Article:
Editor’s note: The following review is part of Macworld’s Summer of Mac Gems series. Each business day until the middle of August 2008, the Macworld staff will use the Mac Gems blog to briefly cover a favorite free or low-cost program. Visit the Mac Gems homepage for a list of past Mac Gems.
Of course, your Mac can talk: Highlight text in TextEdit, for example, select Edit: Speech: Start Speaking, and one of OS X’s built-in system voices will recite your words. But the Mac’s default text-to-speech tools don’t always let you specify which voice will do the reciting or let you assign different voices to different parts of your document. (That’s a problem if you’re writing a play or movie, but also if you want to hear what different people said in a meeting where you were taking notes.)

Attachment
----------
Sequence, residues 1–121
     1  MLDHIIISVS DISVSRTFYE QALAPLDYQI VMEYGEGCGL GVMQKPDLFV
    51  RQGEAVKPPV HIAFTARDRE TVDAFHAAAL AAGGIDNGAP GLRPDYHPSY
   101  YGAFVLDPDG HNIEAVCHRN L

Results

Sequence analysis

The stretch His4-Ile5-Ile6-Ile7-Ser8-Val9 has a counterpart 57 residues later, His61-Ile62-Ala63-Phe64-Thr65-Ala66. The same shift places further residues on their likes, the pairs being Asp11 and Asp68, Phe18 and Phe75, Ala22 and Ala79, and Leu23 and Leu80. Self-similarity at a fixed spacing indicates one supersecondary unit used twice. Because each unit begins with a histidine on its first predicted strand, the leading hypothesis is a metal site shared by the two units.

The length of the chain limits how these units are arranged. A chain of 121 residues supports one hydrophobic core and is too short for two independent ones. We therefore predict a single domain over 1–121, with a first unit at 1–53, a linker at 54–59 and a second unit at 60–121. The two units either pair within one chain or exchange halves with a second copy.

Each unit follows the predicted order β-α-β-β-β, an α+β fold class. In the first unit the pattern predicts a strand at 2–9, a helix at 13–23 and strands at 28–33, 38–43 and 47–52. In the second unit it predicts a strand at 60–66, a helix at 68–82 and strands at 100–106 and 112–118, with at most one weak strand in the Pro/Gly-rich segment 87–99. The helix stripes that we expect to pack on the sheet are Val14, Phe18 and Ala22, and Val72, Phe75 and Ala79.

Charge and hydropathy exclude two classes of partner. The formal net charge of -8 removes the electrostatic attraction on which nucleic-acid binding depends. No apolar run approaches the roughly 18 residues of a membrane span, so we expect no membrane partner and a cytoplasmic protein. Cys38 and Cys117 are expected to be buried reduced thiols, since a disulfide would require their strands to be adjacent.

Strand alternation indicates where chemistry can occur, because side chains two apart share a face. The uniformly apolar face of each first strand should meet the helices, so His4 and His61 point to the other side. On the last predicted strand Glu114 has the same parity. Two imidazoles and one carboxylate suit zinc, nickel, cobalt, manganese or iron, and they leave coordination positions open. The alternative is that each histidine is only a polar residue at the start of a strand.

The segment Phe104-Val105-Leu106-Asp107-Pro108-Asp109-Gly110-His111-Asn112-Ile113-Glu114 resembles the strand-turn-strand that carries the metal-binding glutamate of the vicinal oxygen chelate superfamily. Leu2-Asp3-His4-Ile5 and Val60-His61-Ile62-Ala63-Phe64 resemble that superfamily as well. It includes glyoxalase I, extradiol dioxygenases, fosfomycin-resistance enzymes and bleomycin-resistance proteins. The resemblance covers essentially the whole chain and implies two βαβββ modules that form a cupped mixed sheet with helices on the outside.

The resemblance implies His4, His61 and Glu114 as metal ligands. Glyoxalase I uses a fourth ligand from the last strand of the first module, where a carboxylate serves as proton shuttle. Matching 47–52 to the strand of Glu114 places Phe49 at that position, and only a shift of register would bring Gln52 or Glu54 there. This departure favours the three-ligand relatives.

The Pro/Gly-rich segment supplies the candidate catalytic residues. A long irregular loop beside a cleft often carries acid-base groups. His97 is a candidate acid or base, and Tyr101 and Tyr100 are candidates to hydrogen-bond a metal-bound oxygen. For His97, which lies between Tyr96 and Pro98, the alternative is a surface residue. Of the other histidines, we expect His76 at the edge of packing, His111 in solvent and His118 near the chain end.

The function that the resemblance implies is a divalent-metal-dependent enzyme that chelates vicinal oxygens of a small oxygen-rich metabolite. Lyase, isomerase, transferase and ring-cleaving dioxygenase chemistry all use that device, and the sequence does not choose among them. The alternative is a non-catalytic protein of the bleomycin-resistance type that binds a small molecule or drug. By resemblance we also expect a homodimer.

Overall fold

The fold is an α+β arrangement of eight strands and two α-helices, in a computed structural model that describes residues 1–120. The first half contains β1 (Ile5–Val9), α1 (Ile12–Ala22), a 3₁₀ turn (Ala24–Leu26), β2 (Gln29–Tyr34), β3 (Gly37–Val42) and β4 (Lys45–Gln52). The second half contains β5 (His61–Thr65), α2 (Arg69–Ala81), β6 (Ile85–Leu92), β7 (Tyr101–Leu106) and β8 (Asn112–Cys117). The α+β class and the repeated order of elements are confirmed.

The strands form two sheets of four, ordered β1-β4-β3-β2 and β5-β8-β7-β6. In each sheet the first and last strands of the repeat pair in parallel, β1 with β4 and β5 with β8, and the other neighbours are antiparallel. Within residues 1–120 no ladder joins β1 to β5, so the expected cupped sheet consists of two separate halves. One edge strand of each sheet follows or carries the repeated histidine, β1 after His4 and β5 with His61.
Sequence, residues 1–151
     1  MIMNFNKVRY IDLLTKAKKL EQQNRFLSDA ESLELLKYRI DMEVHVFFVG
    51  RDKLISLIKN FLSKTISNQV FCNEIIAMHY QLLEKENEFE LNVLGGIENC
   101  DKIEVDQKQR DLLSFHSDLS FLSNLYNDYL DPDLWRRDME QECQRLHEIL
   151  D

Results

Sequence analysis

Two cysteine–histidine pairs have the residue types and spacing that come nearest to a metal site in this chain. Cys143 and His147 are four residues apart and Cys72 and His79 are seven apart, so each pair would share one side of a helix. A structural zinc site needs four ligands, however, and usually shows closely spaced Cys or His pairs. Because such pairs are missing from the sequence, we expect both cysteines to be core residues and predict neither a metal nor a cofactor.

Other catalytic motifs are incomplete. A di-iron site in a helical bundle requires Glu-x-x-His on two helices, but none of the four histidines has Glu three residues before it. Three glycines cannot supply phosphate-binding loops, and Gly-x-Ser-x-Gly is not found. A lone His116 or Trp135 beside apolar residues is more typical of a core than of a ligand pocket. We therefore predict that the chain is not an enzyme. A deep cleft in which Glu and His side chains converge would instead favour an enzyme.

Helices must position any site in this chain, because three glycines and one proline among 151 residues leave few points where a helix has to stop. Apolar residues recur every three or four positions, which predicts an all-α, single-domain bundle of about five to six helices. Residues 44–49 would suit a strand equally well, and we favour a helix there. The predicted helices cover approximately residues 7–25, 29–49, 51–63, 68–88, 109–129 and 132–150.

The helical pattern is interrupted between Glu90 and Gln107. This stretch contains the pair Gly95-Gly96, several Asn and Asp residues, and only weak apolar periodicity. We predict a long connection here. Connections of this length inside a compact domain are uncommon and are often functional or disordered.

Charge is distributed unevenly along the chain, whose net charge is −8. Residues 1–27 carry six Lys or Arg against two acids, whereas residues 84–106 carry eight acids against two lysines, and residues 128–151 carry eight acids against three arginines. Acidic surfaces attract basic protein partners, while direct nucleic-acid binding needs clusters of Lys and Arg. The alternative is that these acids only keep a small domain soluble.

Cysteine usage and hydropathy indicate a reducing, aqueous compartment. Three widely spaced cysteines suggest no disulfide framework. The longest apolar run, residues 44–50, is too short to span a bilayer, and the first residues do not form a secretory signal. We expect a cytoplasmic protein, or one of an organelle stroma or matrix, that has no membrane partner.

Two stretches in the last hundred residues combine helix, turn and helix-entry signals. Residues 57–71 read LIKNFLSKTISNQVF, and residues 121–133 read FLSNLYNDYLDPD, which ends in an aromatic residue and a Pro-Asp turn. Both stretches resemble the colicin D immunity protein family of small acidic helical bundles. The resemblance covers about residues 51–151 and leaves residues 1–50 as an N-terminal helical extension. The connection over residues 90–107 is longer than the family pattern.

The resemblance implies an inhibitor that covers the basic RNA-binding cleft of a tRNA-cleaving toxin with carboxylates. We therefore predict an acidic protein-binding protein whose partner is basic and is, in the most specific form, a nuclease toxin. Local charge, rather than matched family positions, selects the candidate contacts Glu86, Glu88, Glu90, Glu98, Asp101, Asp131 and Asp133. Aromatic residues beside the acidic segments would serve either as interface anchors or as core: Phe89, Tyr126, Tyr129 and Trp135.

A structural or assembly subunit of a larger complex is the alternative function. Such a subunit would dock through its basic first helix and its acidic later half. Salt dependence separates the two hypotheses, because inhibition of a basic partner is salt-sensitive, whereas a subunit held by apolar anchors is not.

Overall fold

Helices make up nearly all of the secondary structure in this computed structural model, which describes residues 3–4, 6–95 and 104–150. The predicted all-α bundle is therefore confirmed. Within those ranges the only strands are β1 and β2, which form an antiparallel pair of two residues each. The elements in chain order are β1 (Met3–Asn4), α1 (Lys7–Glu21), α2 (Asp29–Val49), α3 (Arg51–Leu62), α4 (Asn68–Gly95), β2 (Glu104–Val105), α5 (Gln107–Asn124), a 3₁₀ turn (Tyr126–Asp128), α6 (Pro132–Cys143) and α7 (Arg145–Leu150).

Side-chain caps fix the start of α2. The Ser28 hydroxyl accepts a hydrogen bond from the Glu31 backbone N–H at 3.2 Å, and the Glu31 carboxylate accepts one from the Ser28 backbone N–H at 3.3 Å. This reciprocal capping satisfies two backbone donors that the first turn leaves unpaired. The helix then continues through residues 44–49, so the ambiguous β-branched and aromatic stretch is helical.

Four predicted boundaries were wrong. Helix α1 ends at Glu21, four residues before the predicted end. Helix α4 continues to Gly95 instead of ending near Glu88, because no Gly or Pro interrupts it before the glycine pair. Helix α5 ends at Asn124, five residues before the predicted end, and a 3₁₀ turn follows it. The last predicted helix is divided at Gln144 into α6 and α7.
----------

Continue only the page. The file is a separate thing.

That’s the problem Dejal’s Narrator 2.0.2 solves. Paste your text into it, assign the program’s “characters” to their lines, and then hear your text come to life. Narrator will use any of OS X’s built-in system voices (including the new, comparatively natural Alex that debuted in OS X 10.5); if those voices aren’t enough, you can download more from Dejal. You can also configure rate, pitch, inflection, and volume for each one.